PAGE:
The author also believes, however, that applying the same judgment to the Washington State Department of Ecology (DOE) isn’t merited. The DOE appears to have more staff developing biosolids policies, as well as regulating and monitoring the production of biosolids and the land applications themselves, than EPA has as a whole for the nation. If EPA ever does discover that it has tasked someone with managing biosolids, chances are the agency is doing far less to monitor sewage sludge than the DOE is. Daniel Thompson observes that Washington state inspects land application sites and “has a comprehensive regulatory program in place.” He adds that “most other states have their own biosolids programs as well.”
- Regarding the presence of personal-care products in biosolids: the researchers defined personal-care products as “fragrances, skin care and hair care products, insect repellents, cleaning products and flame retardants.” The American Society of Microbiologists has pointed out that the risks associated with toxins in personal-care products are higher in dwellings (where the products are being used to a greater extent than they are in the “landscape at large” and accumulate in dust) than they are in biosolids.
A valid argument could be made that if the public was truly concerned about these compounds, it might be campaigning for their removal from personal-care products, rather than just worrying over whether the toxins are going to be found later in biosolids after passing through the human digestive tract.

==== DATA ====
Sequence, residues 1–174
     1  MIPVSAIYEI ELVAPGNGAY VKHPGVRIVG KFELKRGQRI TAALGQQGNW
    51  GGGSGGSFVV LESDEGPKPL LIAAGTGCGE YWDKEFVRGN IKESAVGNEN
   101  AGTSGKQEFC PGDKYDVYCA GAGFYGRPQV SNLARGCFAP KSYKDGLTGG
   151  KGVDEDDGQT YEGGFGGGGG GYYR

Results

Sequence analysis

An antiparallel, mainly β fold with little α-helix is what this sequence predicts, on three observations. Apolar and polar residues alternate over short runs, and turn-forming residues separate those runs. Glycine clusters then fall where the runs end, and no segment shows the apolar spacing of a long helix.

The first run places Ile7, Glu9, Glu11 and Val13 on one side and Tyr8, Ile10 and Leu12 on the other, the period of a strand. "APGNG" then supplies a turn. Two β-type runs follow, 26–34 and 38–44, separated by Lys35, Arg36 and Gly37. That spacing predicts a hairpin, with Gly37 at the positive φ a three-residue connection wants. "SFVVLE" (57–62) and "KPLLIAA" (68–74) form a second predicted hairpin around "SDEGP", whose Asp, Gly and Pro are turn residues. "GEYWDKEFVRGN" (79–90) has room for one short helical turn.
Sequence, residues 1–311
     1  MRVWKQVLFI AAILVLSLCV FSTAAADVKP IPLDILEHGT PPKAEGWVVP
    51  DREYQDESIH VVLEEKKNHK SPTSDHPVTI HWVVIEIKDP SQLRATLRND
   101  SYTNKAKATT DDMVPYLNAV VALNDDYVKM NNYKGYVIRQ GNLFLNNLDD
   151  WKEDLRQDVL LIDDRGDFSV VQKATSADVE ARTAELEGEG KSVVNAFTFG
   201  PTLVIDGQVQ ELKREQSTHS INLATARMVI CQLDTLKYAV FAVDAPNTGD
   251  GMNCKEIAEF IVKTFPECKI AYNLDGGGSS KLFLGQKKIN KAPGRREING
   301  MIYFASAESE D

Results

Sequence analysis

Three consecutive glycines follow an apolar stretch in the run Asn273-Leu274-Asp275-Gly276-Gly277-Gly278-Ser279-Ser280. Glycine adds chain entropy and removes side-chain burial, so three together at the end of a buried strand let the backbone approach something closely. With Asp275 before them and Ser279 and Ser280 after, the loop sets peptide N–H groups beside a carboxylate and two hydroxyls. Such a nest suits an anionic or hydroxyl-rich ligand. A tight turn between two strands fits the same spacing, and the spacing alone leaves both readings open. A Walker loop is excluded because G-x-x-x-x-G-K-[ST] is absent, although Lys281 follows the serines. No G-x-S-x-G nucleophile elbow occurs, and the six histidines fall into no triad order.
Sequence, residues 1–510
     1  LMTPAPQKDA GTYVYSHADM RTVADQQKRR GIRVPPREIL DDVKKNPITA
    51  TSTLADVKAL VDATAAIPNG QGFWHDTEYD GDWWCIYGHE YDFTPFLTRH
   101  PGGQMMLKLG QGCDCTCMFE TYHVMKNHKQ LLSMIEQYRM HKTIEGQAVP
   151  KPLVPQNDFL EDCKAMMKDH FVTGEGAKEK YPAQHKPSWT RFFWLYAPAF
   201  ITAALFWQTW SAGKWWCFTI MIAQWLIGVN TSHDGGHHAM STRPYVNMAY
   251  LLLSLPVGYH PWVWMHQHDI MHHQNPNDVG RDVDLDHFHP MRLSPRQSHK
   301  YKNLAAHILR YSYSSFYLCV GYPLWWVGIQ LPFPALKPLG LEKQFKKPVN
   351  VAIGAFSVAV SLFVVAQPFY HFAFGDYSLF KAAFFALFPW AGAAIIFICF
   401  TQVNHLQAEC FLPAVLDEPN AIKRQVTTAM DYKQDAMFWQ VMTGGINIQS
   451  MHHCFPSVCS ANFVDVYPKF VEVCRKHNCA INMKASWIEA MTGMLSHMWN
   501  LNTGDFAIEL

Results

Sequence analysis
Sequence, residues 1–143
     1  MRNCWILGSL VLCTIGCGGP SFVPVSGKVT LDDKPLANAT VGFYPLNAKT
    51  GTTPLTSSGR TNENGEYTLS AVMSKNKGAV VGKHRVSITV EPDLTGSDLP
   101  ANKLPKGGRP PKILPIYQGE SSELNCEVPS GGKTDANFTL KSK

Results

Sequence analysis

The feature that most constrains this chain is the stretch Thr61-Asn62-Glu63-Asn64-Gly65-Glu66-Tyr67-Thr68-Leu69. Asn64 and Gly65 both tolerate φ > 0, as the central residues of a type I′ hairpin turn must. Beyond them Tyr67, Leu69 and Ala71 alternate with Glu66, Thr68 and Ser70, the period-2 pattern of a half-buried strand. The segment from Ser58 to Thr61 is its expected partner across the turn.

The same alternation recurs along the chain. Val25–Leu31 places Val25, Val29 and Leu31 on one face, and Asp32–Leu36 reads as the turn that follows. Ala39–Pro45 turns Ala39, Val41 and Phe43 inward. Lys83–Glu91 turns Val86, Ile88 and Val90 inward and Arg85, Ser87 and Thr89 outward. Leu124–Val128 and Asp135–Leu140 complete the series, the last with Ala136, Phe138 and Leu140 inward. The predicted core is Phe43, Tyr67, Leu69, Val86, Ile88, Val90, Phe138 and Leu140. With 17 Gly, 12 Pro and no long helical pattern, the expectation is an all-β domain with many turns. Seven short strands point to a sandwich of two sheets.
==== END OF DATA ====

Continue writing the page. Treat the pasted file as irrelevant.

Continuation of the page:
- Untreated manures can harbor as many as 150 different types of enteric (occurring in the gastrointestinal tract of humans and other animals) pathogens, according to Charles P. Gerba, a faculty member with the Department of Soil, Water and Environmental Science at the University of Arizona, Tucson, Ariz. See “Sources of pathogenic microorganisms and their fate during land application of wastes,” Journal of Environmental Quality: 34:42–48 (2005). In asking whether biosolids are safe, it would be wise to consider their impact on public health compared with using untreated animal wastes, petroleum-based fertilizers, and other soil amendments that might present greater threats to the environment than do biosolids.
- One of EPA’s most troubling disappearing acts has been the removal of molybdenum from the watch list for heavy metals. EPA set a tolerance level of 75 mg/kilogram for Mo in 1993 but has since withdrawn the standard — not because Mo suddenly has been shown to be beneficial to humans, but because of a lawsuit against the standard.